- Who is the operator? Unlike in retail, where the shopping experience is peripheral to the main goal of acquiring a product, with these concepts, experience is the goal, and customer experience is a direct reflection of operations. In addition to money, the customer is spending their time. Consider whether the operator has previous experience in running a business that is heavy on customer service. Passive investors aren’t ideal for long term success: operators need to be hands-on and involved in the day to day. They should be passionate about the concept and able to deliver the promised experience. Social media and the “sharing” generation amplifies the effect of customer experience in both directions. Great experiences lead to great Instagram posts and more cars in the parking lot. Bad experiences lead to Yelp reviews and For Lease signs in the windows.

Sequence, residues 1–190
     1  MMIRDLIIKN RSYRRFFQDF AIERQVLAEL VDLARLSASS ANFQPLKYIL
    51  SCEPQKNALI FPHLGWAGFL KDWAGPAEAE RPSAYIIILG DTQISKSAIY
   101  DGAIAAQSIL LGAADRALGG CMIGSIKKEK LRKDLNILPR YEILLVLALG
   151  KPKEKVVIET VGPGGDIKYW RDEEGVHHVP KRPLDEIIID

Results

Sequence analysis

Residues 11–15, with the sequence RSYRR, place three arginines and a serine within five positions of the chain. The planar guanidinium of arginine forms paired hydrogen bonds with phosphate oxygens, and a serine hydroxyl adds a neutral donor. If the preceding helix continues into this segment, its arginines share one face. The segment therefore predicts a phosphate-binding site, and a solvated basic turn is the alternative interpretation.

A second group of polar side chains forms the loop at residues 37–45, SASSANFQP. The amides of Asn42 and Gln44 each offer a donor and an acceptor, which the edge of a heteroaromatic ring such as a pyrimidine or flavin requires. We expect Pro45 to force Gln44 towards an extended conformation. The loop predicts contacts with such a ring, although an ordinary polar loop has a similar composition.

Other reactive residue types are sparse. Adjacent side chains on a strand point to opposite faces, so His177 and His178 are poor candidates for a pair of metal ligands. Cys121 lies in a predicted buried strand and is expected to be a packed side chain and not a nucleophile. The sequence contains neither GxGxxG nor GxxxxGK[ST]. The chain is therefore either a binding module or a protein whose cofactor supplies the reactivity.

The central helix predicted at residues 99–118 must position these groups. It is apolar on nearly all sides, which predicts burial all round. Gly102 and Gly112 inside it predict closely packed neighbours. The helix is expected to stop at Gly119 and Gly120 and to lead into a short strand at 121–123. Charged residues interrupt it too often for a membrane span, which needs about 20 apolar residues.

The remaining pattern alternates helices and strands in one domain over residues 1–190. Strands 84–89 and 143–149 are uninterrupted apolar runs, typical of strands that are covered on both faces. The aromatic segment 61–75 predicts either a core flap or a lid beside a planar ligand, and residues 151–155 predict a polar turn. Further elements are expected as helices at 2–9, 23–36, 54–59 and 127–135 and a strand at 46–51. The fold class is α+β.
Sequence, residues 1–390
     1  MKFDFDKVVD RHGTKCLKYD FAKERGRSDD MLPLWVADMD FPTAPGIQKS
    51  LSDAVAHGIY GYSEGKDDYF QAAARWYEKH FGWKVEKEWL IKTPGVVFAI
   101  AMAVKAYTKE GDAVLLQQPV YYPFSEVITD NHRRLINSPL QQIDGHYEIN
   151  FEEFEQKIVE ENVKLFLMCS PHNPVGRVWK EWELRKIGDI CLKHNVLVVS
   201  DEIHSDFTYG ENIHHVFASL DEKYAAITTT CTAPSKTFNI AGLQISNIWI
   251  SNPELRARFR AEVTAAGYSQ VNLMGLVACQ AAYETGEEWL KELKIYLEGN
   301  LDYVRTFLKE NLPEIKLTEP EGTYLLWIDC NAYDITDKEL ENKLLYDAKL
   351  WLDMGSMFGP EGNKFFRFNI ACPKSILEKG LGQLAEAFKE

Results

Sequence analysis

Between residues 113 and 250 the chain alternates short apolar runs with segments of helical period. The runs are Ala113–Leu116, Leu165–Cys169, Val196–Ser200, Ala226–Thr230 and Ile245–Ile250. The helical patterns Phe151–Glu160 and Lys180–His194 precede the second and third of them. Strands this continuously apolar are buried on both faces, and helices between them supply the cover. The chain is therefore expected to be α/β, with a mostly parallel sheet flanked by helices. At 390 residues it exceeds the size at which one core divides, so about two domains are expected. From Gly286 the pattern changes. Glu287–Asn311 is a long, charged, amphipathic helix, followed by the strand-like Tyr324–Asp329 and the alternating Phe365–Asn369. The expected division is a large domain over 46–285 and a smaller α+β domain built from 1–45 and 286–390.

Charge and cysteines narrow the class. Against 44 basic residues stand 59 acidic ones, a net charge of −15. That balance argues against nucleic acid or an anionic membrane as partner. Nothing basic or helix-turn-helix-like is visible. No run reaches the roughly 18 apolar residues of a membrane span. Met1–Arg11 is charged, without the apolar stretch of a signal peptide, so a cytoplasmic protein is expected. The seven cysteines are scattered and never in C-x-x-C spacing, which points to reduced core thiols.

- Is the concept competitive in the market? Just because they are the only trampoline park operator in a 15 minute drive doesn’t mean they are without competition. Leisure time is a finite resource which can be spent numerous ways, often without spending money. Concepts that offer entertainment for the whole family will reach a larger audience and have more staying power than those built for kids who will eventually age out. A high-quality food offering is a must, and the ability to serve alcohol can lead to longer guest stays. Other differentiators, such as regular and unique programming that add variety, will keep them at the top of the list when families are deciding to “go out.” Factors influencing this type of purchase decision are far less about convenience and more about the destination.